Sanofi expects growth in China despite the challenges there


Sanofi CEO Olivier Brandicourt is looking all over for ways to gain some ground as the French drugmaker’s diabetes drugs lose steam and its top med Lantus soon loses patent protection in the U.S., its largest market. M&A is one direction where he is focused but growing sales in China, its second-largest market, is also part of the strategy.

Sanofi ($SNY) is in the midst of trying to pull off a $9.3 billion hostile takeover of Medivation ($MDVN) to get it hands on the San Francisco-based drugmakers cancer drugs. But Sanofi also will lean on its emerging market strategy to find growth as well, Peter Guenter, Sanofi's executive VP for general medicines and emerging markets, tells Reuters.

Guenter pointed out in an interview with the news service that Sanofi has historically been able to garner sales growth between 5% and 10% in emerging markets. The group's 2015 revenues in emerging markets reached €10.6 billion ($11.83 billion), up 8% at constant currency exchange rates.

“I think we will remain in this range this year, even if we should be closer to 5% than 10%," Guenter told Reuters.

While Sanofi doesn’t break out sales by each emerging market, Guenter indicated that China remains a focus for the company. "There are still a lot of unmet medical needs in China," Guenter said, pointing out that urbanization there has resulted in the spread of "western diseases" such as diabetes.

Still, China has gotten to be a tougher place to make money. The government is putting pressure on drugmakers to lower prices as it tries to slow its soaring healthcare costs.  As proof of how difficult the market has become, GlaxoSmithKline ($GSK) has seen its sales in China erode by 28% in Q1 as it reorganizes there following a bribery scandal. AstraZeneca ($AZN) reported Q1 sales in constant currency up 11% in China but that was a drop from a 15% pace in the fourth quarter.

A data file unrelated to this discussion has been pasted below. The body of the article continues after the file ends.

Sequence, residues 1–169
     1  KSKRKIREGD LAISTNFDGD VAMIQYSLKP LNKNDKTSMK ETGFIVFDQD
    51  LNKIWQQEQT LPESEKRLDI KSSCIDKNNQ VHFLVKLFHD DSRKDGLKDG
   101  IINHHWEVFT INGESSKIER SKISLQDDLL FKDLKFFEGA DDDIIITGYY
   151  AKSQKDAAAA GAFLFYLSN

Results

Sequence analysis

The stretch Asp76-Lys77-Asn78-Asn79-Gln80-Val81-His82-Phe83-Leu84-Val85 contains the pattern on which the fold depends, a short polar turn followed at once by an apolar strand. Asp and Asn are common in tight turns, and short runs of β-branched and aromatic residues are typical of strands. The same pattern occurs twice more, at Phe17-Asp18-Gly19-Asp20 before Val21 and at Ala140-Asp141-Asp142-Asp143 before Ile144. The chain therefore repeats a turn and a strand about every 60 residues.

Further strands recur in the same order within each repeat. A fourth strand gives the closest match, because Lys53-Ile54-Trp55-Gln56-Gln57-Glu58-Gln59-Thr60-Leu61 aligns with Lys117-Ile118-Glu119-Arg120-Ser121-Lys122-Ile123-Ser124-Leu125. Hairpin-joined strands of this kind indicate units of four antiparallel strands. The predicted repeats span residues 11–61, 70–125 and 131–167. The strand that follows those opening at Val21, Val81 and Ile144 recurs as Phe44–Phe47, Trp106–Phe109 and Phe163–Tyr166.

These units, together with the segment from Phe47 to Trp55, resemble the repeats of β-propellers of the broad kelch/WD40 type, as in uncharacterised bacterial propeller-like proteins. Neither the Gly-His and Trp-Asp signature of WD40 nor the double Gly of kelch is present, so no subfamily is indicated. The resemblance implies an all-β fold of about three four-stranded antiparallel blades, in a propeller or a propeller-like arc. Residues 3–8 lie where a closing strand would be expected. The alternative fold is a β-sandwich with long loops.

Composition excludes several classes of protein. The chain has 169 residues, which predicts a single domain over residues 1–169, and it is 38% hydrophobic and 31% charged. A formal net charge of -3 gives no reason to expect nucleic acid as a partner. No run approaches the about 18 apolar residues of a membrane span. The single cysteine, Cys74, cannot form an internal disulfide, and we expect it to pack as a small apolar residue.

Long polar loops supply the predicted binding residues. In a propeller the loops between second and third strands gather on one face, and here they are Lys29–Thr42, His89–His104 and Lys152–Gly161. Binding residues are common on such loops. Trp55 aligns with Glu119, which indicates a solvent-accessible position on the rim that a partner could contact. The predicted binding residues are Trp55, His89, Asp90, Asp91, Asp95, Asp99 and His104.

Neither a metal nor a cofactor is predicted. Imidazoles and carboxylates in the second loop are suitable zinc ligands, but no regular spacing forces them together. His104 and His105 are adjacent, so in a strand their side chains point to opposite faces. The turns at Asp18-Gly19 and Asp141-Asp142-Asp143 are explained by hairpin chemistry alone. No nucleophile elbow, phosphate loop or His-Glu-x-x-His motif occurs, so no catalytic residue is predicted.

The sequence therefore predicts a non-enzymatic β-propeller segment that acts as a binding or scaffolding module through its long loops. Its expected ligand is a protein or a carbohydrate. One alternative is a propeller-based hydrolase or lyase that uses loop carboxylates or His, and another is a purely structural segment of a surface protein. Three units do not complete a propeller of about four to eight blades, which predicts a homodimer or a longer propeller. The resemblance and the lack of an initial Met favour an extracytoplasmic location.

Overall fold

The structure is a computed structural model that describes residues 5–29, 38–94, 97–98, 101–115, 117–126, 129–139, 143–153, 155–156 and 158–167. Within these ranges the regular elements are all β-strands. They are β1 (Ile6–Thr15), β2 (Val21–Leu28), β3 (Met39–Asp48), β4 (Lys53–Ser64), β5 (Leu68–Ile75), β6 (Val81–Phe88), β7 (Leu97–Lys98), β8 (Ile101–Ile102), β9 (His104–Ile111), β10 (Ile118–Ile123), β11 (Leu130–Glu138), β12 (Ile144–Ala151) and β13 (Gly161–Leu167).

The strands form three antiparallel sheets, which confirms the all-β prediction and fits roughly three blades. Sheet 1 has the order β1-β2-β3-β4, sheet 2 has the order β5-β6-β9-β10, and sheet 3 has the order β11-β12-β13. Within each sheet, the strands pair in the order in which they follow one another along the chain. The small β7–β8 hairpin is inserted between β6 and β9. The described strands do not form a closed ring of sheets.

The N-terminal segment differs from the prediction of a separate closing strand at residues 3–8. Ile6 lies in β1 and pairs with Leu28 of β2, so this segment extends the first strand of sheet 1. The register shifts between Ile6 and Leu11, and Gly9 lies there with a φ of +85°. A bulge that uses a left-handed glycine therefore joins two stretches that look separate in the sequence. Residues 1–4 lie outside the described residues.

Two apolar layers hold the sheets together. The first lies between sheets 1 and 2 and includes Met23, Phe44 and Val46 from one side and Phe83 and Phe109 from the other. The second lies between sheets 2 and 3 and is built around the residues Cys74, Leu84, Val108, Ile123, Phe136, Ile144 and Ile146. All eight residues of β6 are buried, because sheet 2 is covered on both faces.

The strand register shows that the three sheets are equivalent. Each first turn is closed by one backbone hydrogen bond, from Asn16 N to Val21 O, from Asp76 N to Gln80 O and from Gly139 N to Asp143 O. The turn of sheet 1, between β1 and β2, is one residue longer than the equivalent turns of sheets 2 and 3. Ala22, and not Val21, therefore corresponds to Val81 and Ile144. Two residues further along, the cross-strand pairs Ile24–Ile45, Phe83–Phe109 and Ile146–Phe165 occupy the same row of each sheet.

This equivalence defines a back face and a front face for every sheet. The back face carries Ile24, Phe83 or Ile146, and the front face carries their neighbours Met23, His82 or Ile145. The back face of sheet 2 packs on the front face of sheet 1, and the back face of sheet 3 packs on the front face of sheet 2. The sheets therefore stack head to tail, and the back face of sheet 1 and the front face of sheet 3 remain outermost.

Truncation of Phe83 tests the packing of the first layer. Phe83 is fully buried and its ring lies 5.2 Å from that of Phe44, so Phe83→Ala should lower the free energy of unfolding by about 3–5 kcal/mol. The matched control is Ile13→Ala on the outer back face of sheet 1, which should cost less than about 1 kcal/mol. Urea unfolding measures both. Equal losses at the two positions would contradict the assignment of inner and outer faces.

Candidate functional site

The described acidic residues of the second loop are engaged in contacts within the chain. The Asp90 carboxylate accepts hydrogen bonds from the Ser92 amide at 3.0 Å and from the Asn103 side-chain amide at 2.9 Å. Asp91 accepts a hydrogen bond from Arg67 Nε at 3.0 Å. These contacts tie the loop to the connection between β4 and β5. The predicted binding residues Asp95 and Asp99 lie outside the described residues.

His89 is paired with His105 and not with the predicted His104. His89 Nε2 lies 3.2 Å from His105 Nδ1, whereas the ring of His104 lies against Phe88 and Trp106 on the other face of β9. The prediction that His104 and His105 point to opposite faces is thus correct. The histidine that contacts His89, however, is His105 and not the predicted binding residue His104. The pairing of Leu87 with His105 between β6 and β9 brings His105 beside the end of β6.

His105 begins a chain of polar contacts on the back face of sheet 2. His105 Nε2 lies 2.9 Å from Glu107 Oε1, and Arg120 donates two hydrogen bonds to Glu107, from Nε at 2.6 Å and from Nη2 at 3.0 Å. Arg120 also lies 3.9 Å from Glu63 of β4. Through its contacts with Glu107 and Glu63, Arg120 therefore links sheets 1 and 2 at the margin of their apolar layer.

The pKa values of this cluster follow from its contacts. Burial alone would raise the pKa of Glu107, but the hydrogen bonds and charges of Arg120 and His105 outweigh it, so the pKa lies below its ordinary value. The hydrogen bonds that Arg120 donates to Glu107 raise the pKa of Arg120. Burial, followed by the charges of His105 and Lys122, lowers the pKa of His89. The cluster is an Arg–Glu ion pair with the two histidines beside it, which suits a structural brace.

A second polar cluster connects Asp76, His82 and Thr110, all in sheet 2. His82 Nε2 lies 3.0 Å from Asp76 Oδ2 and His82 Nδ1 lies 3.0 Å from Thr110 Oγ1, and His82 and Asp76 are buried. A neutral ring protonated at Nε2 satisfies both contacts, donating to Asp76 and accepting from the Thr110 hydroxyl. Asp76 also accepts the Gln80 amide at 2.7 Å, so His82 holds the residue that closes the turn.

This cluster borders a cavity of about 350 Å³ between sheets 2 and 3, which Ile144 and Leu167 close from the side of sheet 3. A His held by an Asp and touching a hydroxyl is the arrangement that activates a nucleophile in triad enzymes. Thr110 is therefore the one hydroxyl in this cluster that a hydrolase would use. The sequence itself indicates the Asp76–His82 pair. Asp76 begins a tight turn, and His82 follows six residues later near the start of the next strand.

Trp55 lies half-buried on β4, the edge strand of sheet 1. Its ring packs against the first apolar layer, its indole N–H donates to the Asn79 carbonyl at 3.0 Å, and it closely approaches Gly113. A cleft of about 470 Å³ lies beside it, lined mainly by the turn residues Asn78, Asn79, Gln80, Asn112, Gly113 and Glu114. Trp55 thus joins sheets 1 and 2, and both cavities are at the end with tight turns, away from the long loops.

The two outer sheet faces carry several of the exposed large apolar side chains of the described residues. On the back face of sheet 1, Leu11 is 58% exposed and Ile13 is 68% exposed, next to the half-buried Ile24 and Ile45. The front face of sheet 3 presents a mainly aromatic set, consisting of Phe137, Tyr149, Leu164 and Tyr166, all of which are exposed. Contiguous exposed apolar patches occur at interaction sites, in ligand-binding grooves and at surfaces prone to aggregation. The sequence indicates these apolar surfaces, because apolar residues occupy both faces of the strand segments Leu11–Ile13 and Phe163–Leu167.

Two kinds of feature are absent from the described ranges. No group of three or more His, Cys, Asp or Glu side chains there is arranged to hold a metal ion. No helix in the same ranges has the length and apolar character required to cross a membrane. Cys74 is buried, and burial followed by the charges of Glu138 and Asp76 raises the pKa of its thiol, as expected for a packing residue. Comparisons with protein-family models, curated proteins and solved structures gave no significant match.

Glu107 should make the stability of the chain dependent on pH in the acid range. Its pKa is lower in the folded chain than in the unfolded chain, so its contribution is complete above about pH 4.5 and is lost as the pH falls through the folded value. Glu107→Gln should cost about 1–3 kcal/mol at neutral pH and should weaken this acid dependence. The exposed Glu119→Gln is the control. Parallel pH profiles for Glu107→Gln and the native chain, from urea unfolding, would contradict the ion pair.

Guenter said China is getting to be a harder place to grow but says Sanofi still sees upside potential there. "Of course, the reforms aimed at implementing better healthcare in China will put some pressure on pricing in the coming years but our hypothesis is that volumes will compensate," he said.

The thing is, the challenge of growing revenue in China for Sanofi will fall to someone else soon. That is because Guenter is taking over Sanofi’s as head of diabetes and cardiovascular, replacing Pascale Witz, who left in the second management shakeup at Sanofi since Brandicourt became CEO last year. She was running Sanofi’s diabetes and cardiovascular business since mid-2015 and in Q1 the unit’s sales slipped by 5.8%, dragged down by a big decline in Lantus sales.

- read the Reuters story

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